Samuel Nordheimer

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Samuel Nordheimer lent his name to the Nordheimer Ravine, which was near his residence

Samuel Nordheimer (February 6, 1824-June 29, 1912) was a prominent businessman and music promoter in 19th century Toronto.[1]

In part to build this business, Nordheimer became one of the most active promoters of music in Canada. He brought prominent foreign stars to the city, such as Jenny Lind; opened a concert hall in Montreal, founded the Chamber Music Association, and for many years directed the Toronto Philharmonic Society.

Biography[edit]

A Bavarian immigrant, he lived first in New York City and then in Kingston, Ontario, before settling in Toronto in 1844. He and his older brother Abraham established a piano importing business, A.& S. Nordheimer Co.

The business prospered and expanded. It became Canada's leading publisher of sheet music, and initially had the sole right to publish copies of the Maple Leaf Forever. The company also opened branches in other cities across Canada. As well as continuing to import pianos, in 1890 the firm opened its own factory in Toronto and quickly became one of Canada's best known domestic piano brands.[2]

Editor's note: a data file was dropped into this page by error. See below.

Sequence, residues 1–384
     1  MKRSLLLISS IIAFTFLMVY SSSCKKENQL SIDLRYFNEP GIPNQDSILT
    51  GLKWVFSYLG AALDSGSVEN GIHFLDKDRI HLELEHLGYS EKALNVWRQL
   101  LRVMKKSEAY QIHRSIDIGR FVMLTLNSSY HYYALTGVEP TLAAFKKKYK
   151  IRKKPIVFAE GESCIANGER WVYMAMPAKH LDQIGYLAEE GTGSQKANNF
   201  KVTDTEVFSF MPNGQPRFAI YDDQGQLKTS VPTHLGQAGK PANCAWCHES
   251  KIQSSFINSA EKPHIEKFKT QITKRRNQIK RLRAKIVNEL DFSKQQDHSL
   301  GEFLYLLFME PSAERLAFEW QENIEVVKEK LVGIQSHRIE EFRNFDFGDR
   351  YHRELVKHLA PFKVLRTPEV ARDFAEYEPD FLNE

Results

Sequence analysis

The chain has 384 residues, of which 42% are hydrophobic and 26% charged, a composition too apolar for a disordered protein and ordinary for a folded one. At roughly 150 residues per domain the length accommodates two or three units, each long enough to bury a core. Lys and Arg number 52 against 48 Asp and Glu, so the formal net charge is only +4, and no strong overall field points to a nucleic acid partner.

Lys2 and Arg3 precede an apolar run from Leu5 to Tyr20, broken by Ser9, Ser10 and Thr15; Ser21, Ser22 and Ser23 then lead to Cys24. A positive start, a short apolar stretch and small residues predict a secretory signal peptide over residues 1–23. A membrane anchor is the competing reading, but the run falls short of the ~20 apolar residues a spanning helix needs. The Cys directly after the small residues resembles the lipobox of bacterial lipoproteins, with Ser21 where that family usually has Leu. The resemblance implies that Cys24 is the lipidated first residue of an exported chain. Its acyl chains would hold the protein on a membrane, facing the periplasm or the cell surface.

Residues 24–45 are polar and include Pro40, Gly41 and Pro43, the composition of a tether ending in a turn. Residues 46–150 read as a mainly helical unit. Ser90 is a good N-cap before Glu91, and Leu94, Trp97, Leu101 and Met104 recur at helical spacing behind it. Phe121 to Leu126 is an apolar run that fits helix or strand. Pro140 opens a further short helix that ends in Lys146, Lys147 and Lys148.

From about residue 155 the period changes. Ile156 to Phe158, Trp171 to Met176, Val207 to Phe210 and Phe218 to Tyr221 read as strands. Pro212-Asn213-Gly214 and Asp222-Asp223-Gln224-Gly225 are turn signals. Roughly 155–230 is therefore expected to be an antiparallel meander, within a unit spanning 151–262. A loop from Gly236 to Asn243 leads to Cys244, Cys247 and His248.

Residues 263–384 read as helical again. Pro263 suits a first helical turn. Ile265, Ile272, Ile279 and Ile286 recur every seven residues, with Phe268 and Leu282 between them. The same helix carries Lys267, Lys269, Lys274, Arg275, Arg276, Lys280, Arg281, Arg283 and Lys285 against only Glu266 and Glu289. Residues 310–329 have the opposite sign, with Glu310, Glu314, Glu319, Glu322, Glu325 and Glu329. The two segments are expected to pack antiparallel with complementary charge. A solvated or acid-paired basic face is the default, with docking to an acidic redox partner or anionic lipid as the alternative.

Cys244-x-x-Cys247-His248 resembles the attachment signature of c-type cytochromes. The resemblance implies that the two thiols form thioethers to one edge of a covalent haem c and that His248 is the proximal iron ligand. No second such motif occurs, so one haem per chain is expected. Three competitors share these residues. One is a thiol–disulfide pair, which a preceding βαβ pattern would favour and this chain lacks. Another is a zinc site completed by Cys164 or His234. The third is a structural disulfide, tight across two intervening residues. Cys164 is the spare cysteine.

Nordheimer became a prominent member of the city's commercial class, serving on a number of corporate boards. In 1871, the year married Edith Boulton, Nordheimer completed work on a massive home named Glenedyth. It was located on Davenport Hill, near James Austin's Spadina House. While the house was demolished in the 1920s, the ravine running by the site is still known as the Nordheimer Ravine.[3]

Nordheimer remained head of the company until his death, when the firm was taken over by his nephew Albert. Upon his retirement from the business in 1928, the firm was taken over by Heintzman & Co. His legacy included a section of Castle Frank Brook being named after him.

Family[edit]

In 1871 Nordheimer married Edith (1847–1912) — daughter of James Boulton and Margaret Neilina. They had a son and seven daughters.[4]

Edith Nordheimer was from a prominent Toronto family that had played a leading role in the Family Compact and had built The Grange.[citation needed] She was an Anglican philanthropist and imperialist who became the first national president of the Imperial Order Daughters of the Empire (IODE) in 1901 and vice-president of the Toronto South African Memorial Association at the beginning in 1904 (the association established memorials for those who had fought in the South African War (1899–1902)).[4]

See also[edit]

Music of Canada

Notes[edit]

  1. ^ "Helmut Kallmann Nordheimer, Samuel". Encyclopedia of Music in Canada. 
  2. ^ "A.& S. Nordheimer Co". Encyclopedia of Music in Canada. 
  3. ^ Thompson 1975, p. [page needed].
  4. ^ a b Smith 1998.

References[edit]